By John Schroyer
The first dispensary in Massachusetts sees an explosion of customers in its first two months of operation, Denver issues a recall involving concentrates, and a medical cannabis company in Minnesota delays opening more storefronts.
Here’s a closer look at several notable developments in the marijuana industry over the past week.
Mass MMJ Appeal in MA
Talk about hitting the ground running.
The first dispensary in Massachusetts threw open its doors to patients in June, and over the next two months the company served as many customers as it expected to see in its first calendar year of sales.
Alternative Therapies Group (ATG) – which operates in Salem, north of Boston – served roughly 1,500 patients over the summer, which is an extremely promising sign for other Massachusetts dispensaries hoping to open down the road.
Scott Hawkins, a cannabis consultant who helped ATG prepare its business plan and license application, thinks it’s no accident that the dispensary has already gotten so much traction.
“They built their patient base patiently (and) assiduously over the last four months through good-hearted outreach,” said Hawkins, a principal with California-based Grun Strategic. “Community outreach was a key part of the original strategic plan.”
A spokesman for ATG couldn’t be reached for comment on specifics about the dispensary’s outreach plan, but it’s arguably the same kind of approach that has made dispensaries such as California’s Harborside Health Center so successful, Hawkins said.
“They sought to be good neighbors, and effective service providers to the community. It’s part of the culture of the organization,” Hawkins said.
Other Massachusetts dispensaries should take note, as in many cases you can’t just open and expect patients to flock through the door. In order to become a really successful MMJ provider, dispensaries have to conduct outreach work and create goodwill in their respective communities, Hawkins said.
Recall in Colorado
Mahatma Concentrates, the company the Post found had been selling concentrates with pesticides in them, “has voluntarily recalled a batch of its wax and shatter concentrates,” according to an email from city spokesman Dan Rowland, adding that the city issued a formal recall order on top of that.
Rowland said this ranks as Denver’s first cannabis-related recall due to the “possible presence of pesticide residue.”
On top of that, the Post reported on Thursday that the state Department of Agriculture has also opened two investigations into Mahatma and one of its suppliers, grower Treatments Unlimited, regarding pesticide contamination.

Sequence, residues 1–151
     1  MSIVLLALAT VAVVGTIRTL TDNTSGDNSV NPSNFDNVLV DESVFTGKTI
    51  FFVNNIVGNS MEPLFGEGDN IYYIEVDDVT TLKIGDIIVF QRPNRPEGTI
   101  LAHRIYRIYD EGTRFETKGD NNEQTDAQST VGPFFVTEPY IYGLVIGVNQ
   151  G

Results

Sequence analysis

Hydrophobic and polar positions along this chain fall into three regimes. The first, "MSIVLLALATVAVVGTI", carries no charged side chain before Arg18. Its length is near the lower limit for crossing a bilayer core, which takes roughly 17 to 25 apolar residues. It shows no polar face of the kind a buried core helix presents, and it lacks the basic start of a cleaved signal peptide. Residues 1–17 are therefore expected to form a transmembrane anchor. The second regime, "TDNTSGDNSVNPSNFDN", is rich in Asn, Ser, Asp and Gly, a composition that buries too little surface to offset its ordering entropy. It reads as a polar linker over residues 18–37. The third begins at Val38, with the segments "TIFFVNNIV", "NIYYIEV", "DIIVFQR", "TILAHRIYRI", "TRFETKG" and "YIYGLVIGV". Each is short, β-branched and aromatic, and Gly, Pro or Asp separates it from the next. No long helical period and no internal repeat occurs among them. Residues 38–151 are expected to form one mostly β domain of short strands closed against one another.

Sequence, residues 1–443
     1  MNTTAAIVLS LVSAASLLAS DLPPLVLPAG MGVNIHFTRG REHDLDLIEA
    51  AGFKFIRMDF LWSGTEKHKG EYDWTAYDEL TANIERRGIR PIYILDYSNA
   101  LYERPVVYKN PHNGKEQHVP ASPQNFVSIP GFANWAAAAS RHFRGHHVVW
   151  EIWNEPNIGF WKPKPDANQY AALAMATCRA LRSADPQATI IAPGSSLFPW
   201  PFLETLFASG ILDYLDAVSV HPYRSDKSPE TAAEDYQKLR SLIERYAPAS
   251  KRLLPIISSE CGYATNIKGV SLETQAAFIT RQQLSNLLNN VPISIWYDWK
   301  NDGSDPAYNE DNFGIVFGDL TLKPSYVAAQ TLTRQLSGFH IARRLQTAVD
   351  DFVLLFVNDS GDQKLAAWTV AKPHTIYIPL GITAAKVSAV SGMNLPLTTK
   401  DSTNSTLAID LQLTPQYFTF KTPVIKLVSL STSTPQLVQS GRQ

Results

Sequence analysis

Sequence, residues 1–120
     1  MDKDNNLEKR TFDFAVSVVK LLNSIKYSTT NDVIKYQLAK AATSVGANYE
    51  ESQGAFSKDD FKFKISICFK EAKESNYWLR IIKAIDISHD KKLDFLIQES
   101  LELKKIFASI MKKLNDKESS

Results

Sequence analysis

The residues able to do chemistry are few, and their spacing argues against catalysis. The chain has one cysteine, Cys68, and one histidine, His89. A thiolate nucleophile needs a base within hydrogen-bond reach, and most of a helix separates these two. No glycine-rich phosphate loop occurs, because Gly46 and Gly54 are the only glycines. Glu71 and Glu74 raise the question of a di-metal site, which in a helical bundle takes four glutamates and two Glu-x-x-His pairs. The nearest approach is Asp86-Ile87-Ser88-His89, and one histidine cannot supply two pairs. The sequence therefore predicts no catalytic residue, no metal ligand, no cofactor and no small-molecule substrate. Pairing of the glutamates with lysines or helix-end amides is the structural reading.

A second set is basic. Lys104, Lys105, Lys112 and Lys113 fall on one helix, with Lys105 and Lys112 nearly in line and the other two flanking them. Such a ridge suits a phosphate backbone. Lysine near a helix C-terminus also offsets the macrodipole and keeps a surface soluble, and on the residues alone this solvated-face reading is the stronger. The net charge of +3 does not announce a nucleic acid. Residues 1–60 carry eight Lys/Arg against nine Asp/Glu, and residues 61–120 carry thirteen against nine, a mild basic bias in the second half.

The recall and investigations could be just the first of many, said Jason Katz, a former Denver cannabis consultant who is now the vice president of business development for Evolab, another extraction company. That’s because it’s hard to tell if cannabis supply may be tainted before extraction companies or edibles companies purchase flower for their own use (which is what happened with Mahatma).
“It’s the first of many dominoes that are going to fall,” Katz said. “I don’t want to put the fault on the extraction company. There’s a lot of holes in the production process that result in pesticides ending up in final products… The problem is the processors don’t have control over source material, so you’re getting (flower) that may have been sprayed with God knows what.”
Katz predicted that it will likely take years before problems with pesticides and processed marijuana products are cleared up, simply because Colorado’s testing regulations are lagging.
“Colorado’s probably behind the curve, because the detection specific to these compounds is just now being enforced, whereas in other states, they’re kind of setting up the infrastructure to detect and enforce at the front end,” Katz said.
Another problem is that the infrastructure to test for pesticides and other impurities is expensive, as are highly trained lab technicians. That all takes time and money to establish a network for testing products, so the pesticide issue likely won’t be resolved anytime soon.
Setback in Minnesota
Despite initially expressing little concern over low MMJ patient counts, executives at Minnesota Medical Solutions said this week that they will delay opening the company’s final two dispensaries by several months.
The news comes just a month after the company, also known as MinnMed, announced a price hike because it had underestimated how many of its patients would take advantage of a low-income discount.
Such problems likely don’t come as a surprise to many observers who have been watching Minnesota’s industry take off at a snail’s pace. The patient count in early September stood at a meager 395, although an additional 304 have been certified for MMJ but are not yet fully enrolled in the program.
That’s probably due to a number of factors, including physicians who are reluctant to recommend cannabis for their patients, a narrow list of qualifying medical conditions and perhaps a lack of public education on the uses of MMJ.
Some representatives of MinnMed and the state’s other licensed cannabis company, LeafLine Labs, have estimated that the number of patients will grow to up to 1,000 or more by the end of 2015 and keep expanding in coming years.
While that could provide some relief for the pair of MMJ firms, the bigger question is what does a lack of patients mean for the long-term viability of Minnesota’s medical cannabis program?
State officials are considering adding intractable pain to the list of qualifying conditions, which would boost the patient base dramatically. But it’s not a given that they will approve the condition.
Even if they do, patients with intractable pain wouldn’t be able to purchase MMJ until next August at the earliest – which means MinnMed and LeafLine will have to operate in the current difficult climate for the foreseeable future.
John Schroyer can be reached at firstname.lastname@example.org